Intel, the Intel logo, Xeon, and Xeon Phi are trademarks of Intel Corporation in the United States and other countries. * Other names and brands may be claimed as the property of others.

©2015 Colfax International, All rights reserved

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10 Mobile BI Strategy Questions: Security


Do you have all three layers of mobile BI security covered: device, app, and data? All of the convenience and benefits of mobile devices provide a particular security risk, complicating matters for the technology managers. When we think about the three layers of security in mobile BI, each layer plays an equally important role.


Moreover, each layer represents a specific component of a user’s access profile. Therefore, it’s vital not only to understand how each layer completes the security picture, but also to make sure they work in tandem.


1. Mobile Device Security


This outer layer deals with protecting the mobile device, whether it’s issued by the business or allowed under a bring-your-own-device (BYOD) arrangement. The security objective is to secure corporate data assets with a comprehensive enterprise mobility solution. Such a solution would enable IT departments to have anytime/anywhere control over all of the deployed devices as well as their applications. For example, administrative options would include the ability to remotely lock and wipe devices when an employee reports a lost business phone or tablet. This approach to mobile device security can’t exist separately from, or independent of, the organization’s enterprise mobility strategy, especially for compliance reasons.


2. Mobile BI App Security


The middle layer includes the mobile BI app. The security at this layer can be linked to device security (for example, the employee profile may dictate the availability of a particular app). However, the app security can also be established in addition to and/or independent of the device security. For example, we may need to unlock the tablet first, and then unlock the mobile BI app with a password before anything else can be done. If the mobile BI software is purchased, this functionality will be dictated by the vendor. Mobile BI solutions built in-house will have a greater degree of flexibility to customize this option.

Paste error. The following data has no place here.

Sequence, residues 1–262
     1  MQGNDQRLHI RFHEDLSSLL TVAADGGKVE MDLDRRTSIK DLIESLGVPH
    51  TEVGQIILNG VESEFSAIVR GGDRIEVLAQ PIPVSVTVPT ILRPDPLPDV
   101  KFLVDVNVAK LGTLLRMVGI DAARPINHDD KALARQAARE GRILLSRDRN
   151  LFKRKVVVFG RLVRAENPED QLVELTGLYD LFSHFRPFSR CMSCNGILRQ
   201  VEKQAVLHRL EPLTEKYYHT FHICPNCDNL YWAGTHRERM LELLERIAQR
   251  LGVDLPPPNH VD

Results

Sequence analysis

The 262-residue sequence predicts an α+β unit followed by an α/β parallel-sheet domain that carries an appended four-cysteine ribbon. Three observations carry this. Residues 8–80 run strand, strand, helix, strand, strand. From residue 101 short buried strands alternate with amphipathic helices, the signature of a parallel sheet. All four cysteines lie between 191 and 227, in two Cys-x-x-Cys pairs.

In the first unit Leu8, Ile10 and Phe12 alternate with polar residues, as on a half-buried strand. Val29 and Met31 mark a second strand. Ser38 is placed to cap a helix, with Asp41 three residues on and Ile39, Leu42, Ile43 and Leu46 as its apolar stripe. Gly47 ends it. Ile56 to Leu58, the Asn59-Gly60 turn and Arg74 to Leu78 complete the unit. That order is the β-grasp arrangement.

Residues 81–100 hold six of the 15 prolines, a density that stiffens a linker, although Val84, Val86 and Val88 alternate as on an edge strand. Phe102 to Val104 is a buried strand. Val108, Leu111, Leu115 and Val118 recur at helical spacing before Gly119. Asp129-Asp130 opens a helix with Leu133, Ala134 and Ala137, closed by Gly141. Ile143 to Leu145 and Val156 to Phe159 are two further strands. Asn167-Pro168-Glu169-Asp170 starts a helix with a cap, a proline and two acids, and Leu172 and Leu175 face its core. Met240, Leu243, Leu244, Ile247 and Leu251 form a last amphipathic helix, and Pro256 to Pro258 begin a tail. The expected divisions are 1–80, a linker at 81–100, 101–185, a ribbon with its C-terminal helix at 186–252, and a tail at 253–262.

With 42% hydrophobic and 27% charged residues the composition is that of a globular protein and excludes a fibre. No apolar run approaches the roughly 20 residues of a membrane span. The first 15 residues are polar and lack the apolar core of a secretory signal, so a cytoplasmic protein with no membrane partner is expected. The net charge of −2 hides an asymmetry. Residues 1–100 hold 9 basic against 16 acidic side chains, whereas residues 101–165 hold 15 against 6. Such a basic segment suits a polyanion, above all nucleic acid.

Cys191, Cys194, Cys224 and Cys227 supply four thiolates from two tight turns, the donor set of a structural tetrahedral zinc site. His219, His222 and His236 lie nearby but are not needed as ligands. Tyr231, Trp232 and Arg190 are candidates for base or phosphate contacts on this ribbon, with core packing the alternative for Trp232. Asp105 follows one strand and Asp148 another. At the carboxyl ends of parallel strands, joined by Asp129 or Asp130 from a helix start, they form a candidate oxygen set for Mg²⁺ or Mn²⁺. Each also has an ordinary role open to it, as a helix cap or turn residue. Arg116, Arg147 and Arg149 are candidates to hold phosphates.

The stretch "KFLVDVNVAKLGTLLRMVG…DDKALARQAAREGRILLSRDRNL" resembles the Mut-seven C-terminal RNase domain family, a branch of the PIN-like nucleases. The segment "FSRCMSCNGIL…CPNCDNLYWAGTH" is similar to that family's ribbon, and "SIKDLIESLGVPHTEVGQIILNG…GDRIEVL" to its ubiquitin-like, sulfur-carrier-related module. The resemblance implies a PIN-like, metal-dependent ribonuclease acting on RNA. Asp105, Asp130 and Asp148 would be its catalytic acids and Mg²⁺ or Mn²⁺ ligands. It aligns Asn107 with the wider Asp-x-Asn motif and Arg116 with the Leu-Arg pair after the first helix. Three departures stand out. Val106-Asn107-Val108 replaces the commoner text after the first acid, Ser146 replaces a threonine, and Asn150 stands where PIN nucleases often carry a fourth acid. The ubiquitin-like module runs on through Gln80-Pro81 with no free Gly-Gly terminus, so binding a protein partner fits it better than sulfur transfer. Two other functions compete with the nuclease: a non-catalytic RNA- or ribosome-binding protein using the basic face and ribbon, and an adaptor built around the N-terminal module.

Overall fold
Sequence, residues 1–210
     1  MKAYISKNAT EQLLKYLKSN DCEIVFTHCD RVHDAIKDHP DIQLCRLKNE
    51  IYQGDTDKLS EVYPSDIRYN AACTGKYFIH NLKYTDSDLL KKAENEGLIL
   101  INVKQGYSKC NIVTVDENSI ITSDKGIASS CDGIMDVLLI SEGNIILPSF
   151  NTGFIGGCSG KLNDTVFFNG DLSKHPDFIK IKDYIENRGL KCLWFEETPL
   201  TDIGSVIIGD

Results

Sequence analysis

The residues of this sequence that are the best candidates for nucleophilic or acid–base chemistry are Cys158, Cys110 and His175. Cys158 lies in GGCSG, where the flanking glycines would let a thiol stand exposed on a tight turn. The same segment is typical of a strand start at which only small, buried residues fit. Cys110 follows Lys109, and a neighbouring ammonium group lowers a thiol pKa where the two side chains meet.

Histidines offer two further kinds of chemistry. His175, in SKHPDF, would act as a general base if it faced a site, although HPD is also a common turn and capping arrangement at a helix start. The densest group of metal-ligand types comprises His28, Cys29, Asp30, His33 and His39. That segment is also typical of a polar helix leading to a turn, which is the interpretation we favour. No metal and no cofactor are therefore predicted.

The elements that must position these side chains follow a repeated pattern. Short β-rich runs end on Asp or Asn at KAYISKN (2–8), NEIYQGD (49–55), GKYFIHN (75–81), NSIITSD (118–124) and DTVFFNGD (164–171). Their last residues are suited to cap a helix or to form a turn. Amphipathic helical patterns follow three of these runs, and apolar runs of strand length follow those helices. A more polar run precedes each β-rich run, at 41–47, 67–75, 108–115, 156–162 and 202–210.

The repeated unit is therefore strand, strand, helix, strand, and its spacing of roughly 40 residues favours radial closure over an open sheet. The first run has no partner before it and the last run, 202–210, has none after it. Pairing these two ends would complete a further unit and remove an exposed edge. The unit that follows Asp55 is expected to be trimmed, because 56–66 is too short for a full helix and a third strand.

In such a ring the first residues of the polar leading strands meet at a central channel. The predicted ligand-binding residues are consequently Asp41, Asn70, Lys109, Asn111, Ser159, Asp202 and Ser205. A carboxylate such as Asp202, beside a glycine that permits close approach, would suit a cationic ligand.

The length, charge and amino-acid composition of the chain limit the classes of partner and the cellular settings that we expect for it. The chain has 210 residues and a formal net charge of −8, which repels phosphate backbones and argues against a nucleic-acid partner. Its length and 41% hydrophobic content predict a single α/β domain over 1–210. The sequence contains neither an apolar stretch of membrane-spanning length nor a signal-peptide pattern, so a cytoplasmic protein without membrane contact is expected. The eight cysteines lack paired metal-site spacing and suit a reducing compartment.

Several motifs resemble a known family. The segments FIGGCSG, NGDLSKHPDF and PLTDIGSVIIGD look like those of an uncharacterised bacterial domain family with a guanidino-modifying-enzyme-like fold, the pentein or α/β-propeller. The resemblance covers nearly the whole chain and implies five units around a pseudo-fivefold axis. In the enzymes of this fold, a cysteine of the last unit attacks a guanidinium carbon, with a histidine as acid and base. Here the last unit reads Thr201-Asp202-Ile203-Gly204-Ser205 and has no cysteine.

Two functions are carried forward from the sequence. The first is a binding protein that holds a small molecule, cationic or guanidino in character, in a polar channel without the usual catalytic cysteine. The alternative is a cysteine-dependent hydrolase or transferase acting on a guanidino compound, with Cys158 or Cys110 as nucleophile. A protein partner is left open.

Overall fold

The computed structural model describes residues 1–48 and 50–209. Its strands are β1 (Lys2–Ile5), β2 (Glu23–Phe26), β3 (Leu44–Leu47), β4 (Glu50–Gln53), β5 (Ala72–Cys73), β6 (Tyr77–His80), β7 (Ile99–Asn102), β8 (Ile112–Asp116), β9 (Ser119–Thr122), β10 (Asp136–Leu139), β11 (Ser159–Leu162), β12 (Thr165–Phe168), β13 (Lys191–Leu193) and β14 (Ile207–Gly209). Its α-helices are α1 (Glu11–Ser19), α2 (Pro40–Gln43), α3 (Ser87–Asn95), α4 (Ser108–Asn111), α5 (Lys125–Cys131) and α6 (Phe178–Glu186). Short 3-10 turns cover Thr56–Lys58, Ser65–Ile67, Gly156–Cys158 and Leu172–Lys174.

Mobile BI app security plays a critical role because it provides a secondary layer, similar to a pin on calling cards or remote access devices. If the mobile device is lost or stolen, it helps protect the downloaded information on the app. This becomes especially critical if the mobile BI app has an offline functionality, which allows full access to downloaded data without any Wi-Fi connectivity, including during use in airplane mode. As a result, this app layer security provides safeguarding of not only data in mobile BI reports but also connection profiles such as server names, etc.



3. Report and Data Security


This third and final layer usually inherits its rules from the underlying BI platform. Generally, two components make up this layer: mobile BI asset (report) vs. data content displayed on the report. The mobile BI asset component determines which specific reports or dashboards a user is allowed to see. For example, this could help to separate forecast dashboards for sales from profit and loss reports for finance.